Posted on October 18, 2021

N.B. Government Tells Staff to Stop Making Indigenous Land Acknowledgments

Kevin Bisset, Canadian Press, October 15, 2021

New Brunswick government employees have been ordered to stop making territorial or title acknowledgments in reference to Indigenous lands, because the province is involved in a series of legal actions and land claims initiated by First Nations.

The order was included in a memo issued Thursday to all government employees by Justice Minister Hugh Flemming.

“As you may be aware, the Government of New Brunswick (GNB) is currently involved in a number of legal actions which have been initiated by certain First Nations against the province, including a claim to ownership and title to over 60% of the Province,” Justice Minister Hugh Flemming said in a memo leaked to CBC News .

“As a result of this litigation,” the memo said, “legal counsel for GNB (Government of New Brunswick) and the Office of the Attorney General has advised that GNB employees may not make or issue territorial or title acknowledgments.”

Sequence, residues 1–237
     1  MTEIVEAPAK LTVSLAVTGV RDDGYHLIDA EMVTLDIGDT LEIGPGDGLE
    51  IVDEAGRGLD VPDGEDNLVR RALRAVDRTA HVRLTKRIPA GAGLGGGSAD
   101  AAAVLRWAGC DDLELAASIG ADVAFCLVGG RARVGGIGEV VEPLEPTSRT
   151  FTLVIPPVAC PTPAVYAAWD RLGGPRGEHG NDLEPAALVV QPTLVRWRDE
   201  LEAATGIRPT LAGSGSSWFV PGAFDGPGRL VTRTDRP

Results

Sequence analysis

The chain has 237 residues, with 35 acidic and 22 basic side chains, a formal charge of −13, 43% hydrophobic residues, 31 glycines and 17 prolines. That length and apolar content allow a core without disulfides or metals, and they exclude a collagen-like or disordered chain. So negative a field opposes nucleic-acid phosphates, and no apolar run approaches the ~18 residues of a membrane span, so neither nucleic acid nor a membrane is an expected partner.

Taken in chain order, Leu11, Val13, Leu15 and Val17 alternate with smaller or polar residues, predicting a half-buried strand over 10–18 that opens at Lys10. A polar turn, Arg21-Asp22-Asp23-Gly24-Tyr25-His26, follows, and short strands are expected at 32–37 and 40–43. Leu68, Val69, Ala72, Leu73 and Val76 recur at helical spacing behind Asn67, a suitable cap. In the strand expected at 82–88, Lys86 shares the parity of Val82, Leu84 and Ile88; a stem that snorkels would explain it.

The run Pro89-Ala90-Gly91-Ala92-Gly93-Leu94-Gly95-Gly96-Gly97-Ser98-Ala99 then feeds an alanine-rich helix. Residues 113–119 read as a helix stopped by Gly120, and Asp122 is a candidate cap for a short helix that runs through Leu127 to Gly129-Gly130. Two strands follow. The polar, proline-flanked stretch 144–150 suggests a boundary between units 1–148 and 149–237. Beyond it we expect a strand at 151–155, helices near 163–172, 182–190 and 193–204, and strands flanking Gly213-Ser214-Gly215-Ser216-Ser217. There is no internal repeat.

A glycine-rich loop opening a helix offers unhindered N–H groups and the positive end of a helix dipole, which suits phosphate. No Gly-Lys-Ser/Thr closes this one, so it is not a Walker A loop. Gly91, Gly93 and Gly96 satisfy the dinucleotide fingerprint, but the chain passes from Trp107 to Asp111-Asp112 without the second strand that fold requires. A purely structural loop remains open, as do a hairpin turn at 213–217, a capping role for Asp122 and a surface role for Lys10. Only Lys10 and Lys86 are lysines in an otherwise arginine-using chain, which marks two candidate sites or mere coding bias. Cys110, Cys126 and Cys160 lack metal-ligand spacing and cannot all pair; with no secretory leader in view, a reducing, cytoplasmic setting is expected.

It is common across Canada for politicians and others to begin events by stating that they are standing on unceded territories of Indigenous Peoples.

The memo said the order covered land or territorial acknowledgments during meetings and events, in documents and in email signatures. Employees can make reference to ancestral territory but not use the terms “unceded” or “unsurrendered,” the memo said.

The six chiefs of the Wolastoqey Nation in the province issued a statement Friday morning to say they are deeply disappointed by the new policy. They said their title claim, filed last year, was made because their rights continue to be ignored by the government.

“Now in response to this, the province seeks to further trample our rights and erase us from the history of this province,” the chiefs wrote.

“We have unceded Aboriginal title in the province of New Brunswick,” they added. {snip}

The chiefs said the government of Premier Blaine Higgs has shown growing disrespect for First Nations people.